December 30, 2002

England show fighting qualities at last

"Glorious" and "defeat" are not two words which sit comfortably together. This is however, the best phrase to describe a rousing England performance at Melbourne. While the tourists may never have seriously fancied their chances, they made Australia work and sweat for the first time in the series.

The fact that a five-wicket defeat is applauded highlights the gulf between the two sides. Suffering their first injury worries of the tour, Australia brought in debutant Martin Love and Stuart MacGill, who would have taken 300 Test wickets if only he had been born into a different generation. Love is in the form of his life, and he impressed even the most cynical of observers. MacGill is no Warne, but he still managed to destroy England's tail. The impact that the two new faces made suggests that Australia could afford to lose four or five more players and still be more than a match for any side in the world.

This has been the toughest of tours, but the Boxing Day Test highlighted the fighting qualities which England had appeared to leave at home. Even on the first day, when they were plundered for 350 runs, Steve Harmison was impressive with the ball. It was only the baffling Andrew Caddick and rookie Richard Dawson who seemed to be offering up belated Christmas gifts to the ever-grateful Matthew Hayden and Justin Langer.

There is a photograph doing the rounds of Craig White stood at an MCG Test as a youngster sporting an England T-shirt. It showed - in an admittedly superbly unfashionable display - where White's loyalties have always lain. His unbeaten 85 revealed his antipodean roots. An aggressive, combative innings, it showed the freedom he usually reserves for Yorkshire. He is a naturally aggressive batsman, and used his feet well to MacGill. He was well supported by James Foster, who has shown fighting spirit with the bat throughout his fledgling Test career. A shocking-leg before decision removed any slim hopes of avoiding the follow-on and an innings defeat loomed large.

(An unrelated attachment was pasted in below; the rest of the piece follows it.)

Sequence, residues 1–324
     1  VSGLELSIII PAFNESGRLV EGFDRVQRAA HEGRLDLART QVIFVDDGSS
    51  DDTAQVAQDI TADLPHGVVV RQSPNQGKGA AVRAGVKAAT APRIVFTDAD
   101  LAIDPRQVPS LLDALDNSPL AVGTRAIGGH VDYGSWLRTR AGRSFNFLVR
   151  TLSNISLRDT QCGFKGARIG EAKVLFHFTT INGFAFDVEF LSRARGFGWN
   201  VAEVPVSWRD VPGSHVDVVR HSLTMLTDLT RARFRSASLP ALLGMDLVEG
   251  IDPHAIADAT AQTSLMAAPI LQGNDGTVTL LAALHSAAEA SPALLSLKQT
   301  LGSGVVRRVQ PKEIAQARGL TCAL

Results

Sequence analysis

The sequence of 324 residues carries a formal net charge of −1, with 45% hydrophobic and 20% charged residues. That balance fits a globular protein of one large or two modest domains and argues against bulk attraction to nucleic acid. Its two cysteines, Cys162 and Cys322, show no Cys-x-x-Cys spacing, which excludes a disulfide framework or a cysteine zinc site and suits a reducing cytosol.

Australia cannot have reckoned on England's gutsy effort second time round. Michael Vaughan was typically superb, becoming 2002's leading Test run-scorer with his sixth century of the year. This series was vital for Vaughan, and he has emerged with such flying colours that he looks capable of being the best English batsman in a generation. Happy to play a supporting role before stumps on day three, Vaughan emerged on Sunday with aggression in mind. Plundering 78 runs in the first session, he was dismissive of one of the great bowling attacks. Cutting and pulling anything short, he also warmed the heart with that cover drive. He rarely seems to miss out on a bad ball, and was only dismissed after attempting an extravagant cut against a good one.

Robert Key is not in the same class as Vaughan, but is showing the qualities which suggest he could occupy a place in England's plans for a long time to come. Though his promise has not yet been backed up by big scores, he could become a more-than-useful stable influence in the middle order.

So to that extraordinary final day. For the third time in the series, England lost a bowler in the middle of a match. With White injured and Dawson fragile, it was up to Harmison and Caddick. Caddick struck first, as Hayden's arrogance got the better of him. In spite of a combative performance by Ricky Ponting, England clung on. The over where Harmison could have dismissed Steve Waugh twice must rank as one of the most dramatic in recent times.

With the target growing closer, England pushed on. Caddick, fully emerged from an extended hibernation, passed 89 mph. Perhaps Caddick likes to antagonise with lacklustre performances, just so he can prove in the second innings what a potent force he could be if only he were more consistent. Harmison still found pace in his tenth over of the morning; this was breathless stuff. In the end England were maybe fifty runs short, but if they can perform in a similar vein in Sydney, there is no reason why they cannot push Australia hard again.

All the way, they were roared on by the Barmy Army. The truth about some of the most dedicated supporters in sport is far removed from the nonsense Justin Langer talked. One day, they will witness an England side regain the Ashes. Until then, they will continue to bring humour and noise to foreign grounds.